Who is going to beat Alabama?
    Serious question about Murray, wasn't like half of Georgia's team suspended for this game? Not accurate is not accurate, but I don't know what pieces were missing, either.

    My friend in Tucson told me Rodriguez needed overtime to beat Toledo. I don't think Arizona is going to be competing for Pac-12 titles any time soon in the same division as USC, but I wonder if he might be able to get the win total up to a more respectable level (by Arizona standards) quickly against leaner Pac-12 competition. I'm not so much talking about the relative strength of the conference against the Big Ten as I am the way teams are built. Rodriguez's offense, in theory, is a great way to flip the script against the plodding Big Ten, but his teams--and especially his defenses--really got pushed around. Not sure what's going to happen out there.

    And to your final question, I got nothing.
    @kocsan

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    Who is going to beat Alabama,

    LSU, USC, Ark, OU, Ore, OSt are all candidates. I think Michigan is a false read. They should have been ranked 28 not 8.

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    I caught the second half of Ohio State's game against Central Florida today. Solid, nothing that would blow you away, although Ohio State spent most of the day without starting runningback Carlos Hyde. Braxton Miller looks much better than he did last year.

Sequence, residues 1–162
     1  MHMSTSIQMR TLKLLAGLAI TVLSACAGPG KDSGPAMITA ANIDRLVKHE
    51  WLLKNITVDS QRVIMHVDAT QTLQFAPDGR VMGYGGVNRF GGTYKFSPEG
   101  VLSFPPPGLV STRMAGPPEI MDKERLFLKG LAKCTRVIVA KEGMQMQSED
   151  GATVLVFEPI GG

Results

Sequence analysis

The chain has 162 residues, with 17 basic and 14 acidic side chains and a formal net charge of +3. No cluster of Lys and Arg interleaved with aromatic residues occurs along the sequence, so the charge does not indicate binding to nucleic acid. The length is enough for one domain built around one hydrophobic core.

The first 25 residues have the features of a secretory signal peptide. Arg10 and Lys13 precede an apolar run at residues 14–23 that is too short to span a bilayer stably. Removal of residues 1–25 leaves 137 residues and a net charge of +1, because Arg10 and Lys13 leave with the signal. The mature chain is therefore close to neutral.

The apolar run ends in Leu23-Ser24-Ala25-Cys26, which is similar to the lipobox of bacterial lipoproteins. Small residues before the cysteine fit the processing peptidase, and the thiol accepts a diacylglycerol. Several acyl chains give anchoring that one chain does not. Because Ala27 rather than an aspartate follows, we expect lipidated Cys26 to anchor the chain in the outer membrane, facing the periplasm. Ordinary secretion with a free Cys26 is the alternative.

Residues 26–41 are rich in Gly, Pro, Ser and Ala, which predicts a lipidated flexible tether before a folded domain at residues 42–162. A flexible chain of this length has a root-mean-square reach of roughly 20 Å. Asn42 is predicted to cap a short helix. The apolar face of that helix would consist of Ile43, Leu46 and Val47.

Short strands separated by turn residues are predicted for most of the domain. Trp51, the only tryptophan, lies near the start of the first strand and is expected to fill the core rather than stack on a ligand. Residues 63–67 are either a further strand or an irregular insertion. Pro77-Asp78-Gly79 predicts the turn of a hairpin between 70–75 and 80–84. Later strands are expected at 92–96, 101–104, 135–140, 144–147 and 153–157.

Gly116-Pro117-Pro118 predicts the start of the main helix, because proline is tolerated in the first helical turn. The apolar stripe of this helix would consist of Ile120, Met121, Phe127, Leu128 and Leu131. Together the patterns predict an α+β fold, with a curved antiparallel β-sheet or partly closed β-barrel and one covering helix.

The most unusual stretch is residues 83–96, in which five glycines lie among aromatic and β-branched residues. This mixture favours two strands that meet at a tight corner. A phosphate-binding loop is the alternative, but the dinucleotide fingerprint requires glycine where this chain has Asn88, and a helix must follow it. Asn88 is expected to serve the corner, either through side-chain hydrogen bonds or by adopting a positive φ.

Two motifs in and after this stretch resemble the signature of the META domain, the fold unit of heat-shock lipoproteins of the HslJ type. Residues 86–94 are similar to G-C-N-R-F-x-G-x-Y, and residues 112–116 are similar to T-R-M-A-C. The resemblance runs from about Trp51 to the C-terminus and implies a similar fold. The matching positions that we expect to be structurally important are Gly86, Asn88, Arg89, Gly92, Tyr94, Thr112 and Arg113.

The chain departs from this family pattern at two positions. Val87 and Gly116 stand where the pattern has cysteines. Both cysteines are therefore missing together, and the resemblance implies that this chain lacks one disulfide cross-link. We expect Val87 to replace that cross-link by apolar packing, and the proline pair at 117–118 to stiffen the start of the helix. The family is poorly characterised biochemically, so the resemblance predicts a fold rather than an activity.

I also caught the last two minutes of Virginia--Penn State. Rough stuff. After a late Virginia score on a touchdown pass to a (wide open) tight end in the front of the end zone, Penn State had an odd kind of drive down the field in a 1:30 or so. McGloin ran the drill pretty fluidly, although I'll admit I was puzzled by a couple of his five yard dumpoffs in the middle of the field. Penn State managed to catch a couple breaks and get into field goal range, but their kicker missed his fourth field goal of the day. There seemed to be a fairly large faction for Penn State at the game even though it was in Charlottesville.

    I'm not trying to bait Trumpet here, but I think it could be a really, really long season for Penn State. I was never terribly impressed with them last year, and they squeaked by in a number of games--six of their nine wins came by less than a touchdown and in eight games they scored fewer than twenty points. They managed to win nine, so the exodus of talented offensive players as well as a normalizing regression to the mean (it's really hard to win close, low-scoring games in those numbers every year) could spell a lot of trouble. Granted, it may be obvious that the next decade (or more) at Penn State is going to be difficult, but I'm just looking at the short term.

    Sidebar, Virginia really has a cool stadium with some character. Not a terribly big place or a very prominent program, but it fits into a beautiful campus really nicely.
    @kocsan